” Some call me Nature, others call me mother nature
I’ve been here for over four and a half billion years
Twenty-two thousand five hundred times longer than you
I don’t really need people but people need me
Yes, your future depends on me
When I thrive, you thrive
When I falter, you falter or worse (?)
But I’ve been here for aeons
I have fed species greater than you, and
I have starved species greater than you
My oceans, my soil, my flowing streams, my forests,
They all can take you or leave you
How you chose to live each day whether you regard or
disregard me doesn’t really matter to me
One way or the other your actions will determine your fate not mine
I am nature
I will go on
I am prepared to evolve
If Nature could talk, what would it say? We’ve all been told by the media, our teachers, our lecturers and our friends and family that we are changing the very fabric of the planet in which we live. We all have been informed of the growing concerns over our future use of resources and the dangers we shall face in a changing world. But what if we turn all that on its head? What if we could hear what nature had to say on the matter?
Last month Conservation International released a series of seven YouTube videos that give voice to Nature. We hear from Mother Nature, Water, the Coral Reef, The Ocean, The Soil, The Rainforest and The Redwood and the message is loud and clear. Nature will go on.
While we are focussing on the effects that climate change and the numerous other human impacts on the natural order, we are missing the far bigger picture. As the videos remind us, humans are insignificant in the face of a planet that has survived through six billion years of changing climatic conditions. After all, we live on a planet than has survived the big bang and given birth to millions of life forms from a sphere of lifeless rock. We constantly applaud ourselves for the feats that humankind has reached. We invented the light bulb, discovered penicillin, launched space shuttles straight out of the atmosphere, built buildings so high they pierce through the cloud cover and yet we have nothing on the credentials of Mother Nature. Whether you believe in a Creator or not, the establishment of life on our little planet is truly incredible. To think that of all the planets in all the universe, life somehow managed to grip hold of the Earth’s early environment and remain there for billions of years. It is absolutely phenomenal. Nature has powered on through times of drought and inundation, though extreme heat and extreme cold. It even managed to pull though those 170 million years or so when the planet was totally engulfed in ice form pole to pole. We find life in the most inhospitable of Earth’s nooks and crannies; creatures dwelling in the forbidding depths of our oceans and bacteria somehow living out its life story in lakes sealed beneath kilometres of Antarctic ice sheet.
While we are right to celebrate the achievements of the human race. we must accept that humans really are a blip in the rich history of this third planet from the Sun and this is brought home by Conservation International’s ‘Nature Is Speaking’ series.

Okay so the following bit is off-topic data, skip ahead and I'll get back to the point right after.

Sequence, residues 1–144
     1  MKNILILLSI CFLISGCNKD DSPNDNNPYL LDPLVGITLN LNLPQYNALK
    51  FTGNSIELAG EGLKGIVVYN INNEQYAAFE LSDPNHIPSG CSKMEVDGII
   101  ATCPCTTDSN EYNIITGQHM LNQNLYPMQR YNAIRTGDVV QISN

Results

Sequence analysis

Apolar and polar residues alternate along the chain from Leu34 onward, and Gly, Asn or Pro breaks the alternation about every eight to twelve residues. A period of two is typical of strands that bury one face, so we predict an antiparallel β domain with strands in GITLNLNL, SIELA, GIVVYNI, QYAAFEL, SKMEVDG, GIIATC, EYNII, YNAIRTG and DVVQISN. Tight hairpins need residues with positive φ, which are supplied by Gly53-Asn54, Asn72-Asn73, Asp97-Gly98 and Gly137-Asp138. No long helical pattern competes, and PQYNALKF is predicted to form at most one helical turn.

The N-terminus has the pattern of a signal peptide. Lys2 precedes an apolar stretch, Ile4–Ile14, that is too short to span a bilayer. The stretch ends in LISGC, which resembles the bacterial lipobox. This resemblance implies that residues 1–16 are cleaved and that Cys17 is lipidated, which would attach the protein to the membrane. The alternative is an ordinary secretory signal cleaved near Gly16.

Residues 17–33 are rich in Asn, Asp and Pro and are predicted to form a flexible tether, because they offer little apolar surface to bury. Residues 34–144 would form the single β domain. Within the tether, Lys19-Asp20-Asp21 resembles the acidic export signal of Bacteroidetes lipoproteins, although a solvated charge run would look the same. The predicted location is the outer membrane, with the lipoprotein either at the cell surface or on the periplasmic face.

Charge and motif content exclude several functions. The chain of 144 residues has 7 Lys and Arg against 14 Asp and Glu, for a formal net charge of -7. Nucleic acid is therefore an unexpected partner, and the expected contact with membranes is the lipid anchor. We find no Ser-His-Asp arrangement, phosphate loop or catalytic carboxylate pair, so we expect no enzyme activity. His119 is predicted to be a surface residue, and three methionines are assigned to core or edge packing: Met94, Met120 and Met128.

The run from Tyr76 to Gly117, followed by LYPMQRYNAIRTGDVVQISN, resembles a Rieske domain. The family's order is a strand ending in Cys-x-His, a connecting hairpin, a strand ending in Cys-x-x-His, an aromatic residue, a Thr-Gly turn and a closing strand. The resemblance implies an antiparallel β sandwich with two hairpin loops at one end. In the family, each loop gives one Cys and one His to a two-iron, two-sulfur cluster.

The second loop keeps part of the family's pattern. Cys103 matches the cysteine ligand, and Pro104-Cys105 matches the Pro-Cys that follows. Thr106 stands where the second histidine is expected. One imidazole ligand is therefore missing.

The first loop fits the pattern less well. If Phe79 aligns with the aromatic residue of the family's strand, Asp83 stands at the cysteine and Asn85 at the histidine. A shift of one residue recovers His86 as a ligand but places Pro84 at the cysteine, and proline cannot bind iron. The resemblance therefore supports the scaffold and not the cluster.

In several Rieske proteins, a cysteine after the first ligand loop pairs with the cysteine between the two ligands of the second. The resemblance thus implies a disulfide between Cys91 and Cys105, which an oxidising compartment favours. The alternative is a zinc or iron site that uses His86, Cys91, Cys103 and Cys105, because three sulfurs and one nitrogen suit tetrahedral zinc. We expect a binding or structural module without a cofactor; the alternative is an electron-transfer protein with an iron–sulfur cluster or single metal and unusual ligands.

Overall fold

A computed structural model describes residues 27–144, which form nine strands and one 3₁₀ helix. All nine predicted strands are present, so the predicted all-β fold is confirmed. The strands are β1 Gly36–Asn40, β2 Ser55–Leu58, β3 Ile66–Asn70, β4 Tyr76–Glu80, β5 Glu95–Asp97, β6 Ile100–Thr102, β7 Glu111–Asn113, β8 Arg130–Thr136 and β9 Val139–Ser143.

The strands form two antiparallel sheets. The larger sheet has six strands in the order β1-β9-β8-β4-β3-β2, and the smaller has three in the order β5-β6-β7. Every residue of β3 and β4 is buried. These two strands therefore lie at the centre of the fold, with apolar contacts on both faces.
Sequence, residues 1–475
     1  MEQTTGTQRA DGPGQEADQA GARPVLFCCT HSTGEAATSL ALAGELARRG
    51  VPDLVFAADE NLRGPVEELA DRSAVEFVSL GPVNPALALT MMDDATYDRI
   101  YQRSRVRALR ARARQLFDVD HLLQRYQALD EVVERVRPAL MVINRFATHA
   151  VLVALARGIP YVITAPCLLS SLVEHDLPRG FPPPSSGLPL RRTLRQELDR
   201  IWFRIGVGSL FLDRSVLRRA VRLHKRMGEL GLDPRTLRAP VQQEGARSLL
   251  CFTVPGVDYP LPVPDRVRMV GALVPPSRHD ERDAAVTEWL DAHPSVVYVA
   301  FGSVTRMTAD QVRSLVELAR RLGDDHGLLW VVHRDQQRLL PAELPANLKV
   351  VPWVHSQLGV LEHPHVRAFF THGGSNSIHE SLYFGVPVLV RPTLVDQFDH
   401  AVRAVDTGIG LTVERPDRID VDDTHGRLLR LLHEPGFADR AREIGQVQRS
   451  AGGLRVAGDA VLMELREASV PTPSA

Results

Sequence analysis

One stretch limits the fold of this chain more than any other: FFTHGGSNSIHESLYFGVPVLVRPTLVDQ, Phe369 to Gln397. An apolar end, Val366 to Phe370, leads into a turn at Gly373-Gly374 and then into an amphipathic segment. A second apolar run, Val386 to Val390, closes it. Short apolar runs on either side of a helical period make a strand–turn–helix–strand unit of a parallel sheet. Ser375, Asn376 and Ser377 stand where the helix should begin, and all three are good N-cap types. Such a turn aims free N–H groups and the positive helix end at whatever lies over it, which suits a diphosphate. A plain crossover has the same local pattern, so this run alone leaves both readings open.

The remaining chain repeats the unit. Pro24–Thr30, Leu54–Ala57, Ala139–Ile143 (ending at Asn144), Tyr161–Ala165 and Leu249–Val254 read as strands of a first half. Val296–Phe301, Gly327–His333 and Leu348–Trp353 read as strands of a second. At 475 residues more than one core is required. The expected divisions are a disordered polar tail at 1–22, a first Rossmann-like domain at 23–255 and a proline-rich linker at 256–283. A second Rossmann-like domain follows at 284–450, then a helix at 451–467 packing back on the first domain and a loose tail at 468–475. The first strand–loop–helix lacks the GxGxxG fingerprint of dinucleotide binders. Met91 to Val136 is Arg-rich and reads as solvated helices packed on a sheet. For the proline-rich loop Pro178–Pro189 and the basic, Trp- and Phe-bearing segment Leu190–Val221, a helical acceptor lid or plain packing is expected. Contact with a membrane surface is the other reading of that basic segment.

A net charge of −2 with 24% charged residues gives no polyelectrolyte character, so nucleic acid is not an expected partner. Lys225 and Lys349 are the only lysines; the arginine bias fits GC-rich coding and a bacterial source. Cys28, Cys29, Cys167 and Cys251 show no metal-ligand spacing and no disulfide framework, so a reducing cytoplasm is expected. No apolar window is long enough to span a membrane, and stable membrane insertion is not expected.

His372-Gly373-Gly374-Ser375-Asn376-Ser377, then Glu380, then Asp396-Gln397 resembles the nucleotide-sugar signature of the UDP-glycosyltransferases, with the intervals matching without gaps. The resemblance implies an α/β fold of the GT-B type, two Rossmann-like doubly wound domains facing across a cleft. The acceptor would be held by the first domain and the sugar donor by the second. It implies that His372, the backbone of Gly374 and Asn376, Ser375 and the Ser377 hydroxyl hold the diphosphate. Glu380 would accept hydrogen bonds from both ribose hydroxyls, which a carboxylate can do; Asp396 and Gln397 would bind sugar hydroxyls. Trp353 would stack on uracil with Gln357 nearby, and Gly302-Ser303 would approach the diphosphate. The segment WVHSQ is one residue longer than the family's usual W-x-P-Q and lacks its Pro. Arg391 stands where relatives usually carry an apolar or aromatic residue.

It seem entirely fitting that these videos are narrated by some of the biggest names of the film industry: Harrison Ford; Penelope Cruz; Kevin Spacey; Edward Norton; Robert Redford; Ian Somerhalder and Julia Roberts. Through the gravitas of these well known voices, we are able to imagine the power of the natural world. We may have volume after volume of history books documenting human’s exponential progress but what Conservation International remind us is that we are a dispensable part of the Earth’s system. We may choose to spend our days throwing carbon dioxide around like confetti but, generations down the line, it will always be Nature that has the last laugh. If we do not give the planet the respect it deserves, there will be a point when humans will have wrecked the resources so badly that our great civilisation, like so many before it, will collapse.
The videos are not full of empty words. As Julia Roberts’ voice rings out, we would not be the first or greatest of species to be extinguished by Nature. There have been five periods of mass extinction in the past (and some say we are heading for a sixth) and after each one Nature has persisted unblinking and ever-evolving from the loss. Nor, by any means, would it be the first time human populations have crashed at the feet of the natural environment. One could argue that, unlike the Mayans of the Clovis people, we have technology on our side to prevent civilisation collapse. This is, of course, true but depends entirely on how this technology is used. Humankind is fabulous but we need to put our heads together and use our immense thinking capacity to find a solution, or at least a compromise, that will allow us to continue to maintain a natural order in which we can still be supported hundreds of years into the future. Nature is ready to evolve. Are we?